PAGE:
ON THIS DAY - The Rev. Dr. Martin Luther King Jr. Federal Holiday is Observed for the First Time
After the Senate passed the King holiday bill, Coretta Scott King hosted a gathering in the Simpson Memorial Chapel at the United Methodist Building.
ON THIS DAY… January 15, 1986
Today, 38-years-ago, marks the first time people across the United States celebrated a federal holiday observing the life, ministry, legacy and birthday of The Rev. Dr. Martin Luther King, Jr. (January 15, 1929). It was on November 2, 1983, President Ronald Reagan signed the King holiday bill into law, designating the third Monday in January for the holiday observance to begin in 1986.
After the Senate passed the King holiday bill on October 19, 1983, that evening, approximately 100 people, including Coretta Scott King, gathered at the United Methodist Building in the Simpson Memorial Chapel to celebrate the long-awaited achievement for a national holiday in honor of Dr. King’s birthday. The two-hour-long service was coordinated by D.C. Del Walter E. Fauntroy, who was a long-time top aide to Dr. King. See the news story from the Washington Post archives.
The legislation to recognize Dr. King Jr. Day was first introduced just four days after his assassination on April 4, 1968, by United States Representative John Conyers. Still, it would take 15 years of persistence by civil rights activists for the holiday to be approved by the federal government and an additional 17 years for it to be recognized in all 50 states.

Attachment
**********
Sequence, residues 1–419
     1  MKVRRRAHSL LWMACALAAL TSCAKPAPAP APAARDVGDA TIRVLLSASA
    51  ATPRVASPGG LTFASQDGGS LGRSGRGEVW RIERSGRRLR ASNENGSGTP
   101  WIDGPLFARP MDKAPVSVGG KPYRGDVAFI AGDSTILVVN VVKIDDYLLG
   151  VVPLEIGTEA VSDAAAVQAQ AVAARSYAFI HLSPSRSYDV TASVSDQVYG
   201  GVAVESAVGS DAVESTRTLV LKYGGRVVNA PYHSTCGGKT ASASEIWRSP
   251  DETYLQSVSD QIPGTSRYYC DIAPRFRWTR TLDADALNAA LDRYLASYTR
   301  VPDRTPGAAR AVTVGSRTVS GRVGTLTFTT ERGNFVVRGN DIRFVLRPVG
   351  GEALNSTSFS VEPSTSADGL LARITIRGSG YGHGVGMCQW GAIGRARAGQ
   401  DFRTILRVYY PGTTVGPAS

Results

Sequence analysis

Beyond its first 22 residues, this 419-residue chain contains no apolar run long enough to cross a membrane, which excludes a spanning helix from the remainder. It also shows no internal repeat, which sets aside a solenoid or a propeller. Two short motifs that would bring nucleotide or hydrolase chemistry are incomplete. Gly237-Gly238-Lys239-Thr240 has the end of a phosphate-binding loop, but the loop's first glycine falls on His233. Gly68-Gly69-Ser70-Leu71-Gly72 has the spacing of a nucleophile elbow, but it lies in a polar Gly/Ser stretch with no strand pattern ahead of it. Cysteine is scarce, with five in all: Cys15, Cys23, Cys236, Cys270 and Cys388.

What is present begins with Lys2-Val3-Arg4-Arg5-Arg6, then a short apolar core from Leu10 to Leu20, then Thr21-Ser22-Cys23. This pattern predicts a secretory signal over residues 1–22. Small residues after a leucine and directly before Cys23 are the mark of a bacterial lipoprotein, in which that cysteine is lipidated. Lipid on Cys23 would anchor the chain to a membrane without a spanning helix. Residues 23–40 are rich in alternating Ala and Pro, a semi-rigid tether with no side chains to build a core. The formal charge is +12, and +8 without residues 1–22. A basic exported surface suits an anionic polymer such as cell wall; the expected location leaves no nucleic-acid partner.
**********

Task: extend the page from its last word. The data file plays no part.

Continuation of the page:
As Coretta Scott King stood at the pulpit in the Simpson Memorial Chapel of the United Methodist Building on the evening of October 19, 1983, she said, “If we’re going to survive in this world, we’re going to have to really take nonviolence seriously… I would hope that we celebrate this holiday with a real sense of Martin’s life and his dream. His birthday could be celebrated in such a way that it could be ennobling.”
The Rev. Dr. Martin Luther King Jr. Holiday is the only federal holiday designated as a National Day of Service to encourage all Americans to volunteer and improve their communities.
United Methodist Building Anniversary Resources
To purchase the 2024 United Methodist Building historical book written by Dr. Jessica M. Smith, For Justice and Enduring Peace: One Hundred Years of Social Witness, visit Cokesbury Publishing.
To watch our video, “Celebrating 100 Years of Social Witness,” and for more information on the year of celebration, go to our 100th Anniversary webpage.
ON THIS DAY SERIES
Each month in 2024, Church and Society will highlight notable days offering glimpses into the momentous 100-year history of the United Methodist Building and the people called Methodists often walking along side ecumenical partners living their faith through social witness.